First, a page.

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casion to the finest burlesque poem in the British language, entituled, from me, The Splendid Shilling. The second adventure, which I must not omit, happened to me in the year 1703, when I was given away in charity to a blind man; but indeed this was by mistake, the person who gave me having thrown me heedlessly into the hat among a pennyworth of farthings."

N 250. TUESDAY, NOVEMBER 14, 1710.

Scis enim justum gemina suspendere lance
Ancipitis libre?

PERS. Sat. IV. 10.
Know'st thou, with equal hand, to hold the scale ?

DRYDEN.

From my own Apartment, November 13. I last winter erected a court of justice for the correcting of several enormities in dress and behaviour, which are not.cognizable in any other courts of this realm. The vintner's case, which I there tried, is still fresh in every man's meniory.

That of the petticoat gave also a general satisfaction : no' to mention the more important points of the cane and perspective; in which, if I did not give judgments and decrees according to the strictest rules of equity and justice, I can safely say, I acted according to the best of my understanding. But as for the proceedings of that court, I shall refer my reader to

VOL, V.

R

an account of them, written by my secretary ; which is now in the press, and will shortly be published under the title of Lillie's “ Reports *.

As I last year presided over a court of justice, it is my intention this year to set myself at the head of a court of honour. There is no court of this na. ture any where at present, except in France; where, according to the best of my intelligence, it consists of such only as are marshals of that kingdom. I am likewise informed, that there is not one of that honourable board at present, who has not been driven out of the field by the duke of Marlborough: but whether this be only an accidental or a necessary qualification, I must confess, I am not able to deterinine.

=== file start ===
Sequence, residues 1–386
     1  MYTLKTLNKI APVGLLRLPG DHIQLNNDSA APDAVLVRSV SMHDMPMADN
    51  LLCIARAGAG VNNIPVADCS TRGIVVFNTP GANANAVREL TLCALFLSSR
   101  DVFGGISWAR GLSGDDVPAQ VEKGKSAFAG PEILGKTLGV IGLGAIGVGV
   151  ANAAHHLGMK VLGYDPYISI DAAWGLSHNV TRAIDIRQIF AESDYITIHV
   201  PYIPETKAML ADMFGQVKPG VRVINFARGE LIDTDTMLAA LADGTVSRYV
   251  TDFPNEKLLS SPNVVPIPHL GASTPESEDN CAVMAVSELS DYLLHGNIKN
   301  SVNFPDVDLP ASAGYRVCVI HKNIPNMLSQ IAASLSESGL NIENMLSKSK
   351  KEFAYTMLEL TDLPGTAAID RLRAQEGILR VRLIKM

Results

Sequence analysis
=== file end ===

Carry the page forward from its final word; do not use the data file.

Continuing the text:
As for the court of honour of which I am here speaking, I intend to sit myself in it as president, with several men of honour on my right-hand, and women of virtue on my left, as my assistants. The first place on the bench I have given to an old Tangereen captain with a wooden leg. The second is a gentleman of a long twisted periwig without a curl in it, a muff with very little hair upon it, and a thread-bare coat with new buttons ; being a person of great worth, and second brother to a man of quality. The third is a gentleman usher, extremely well read in romances, and grandson to one of the greatest wits in Germany, who was some time master of the ceremonies to the duke of Wolfem. buttle.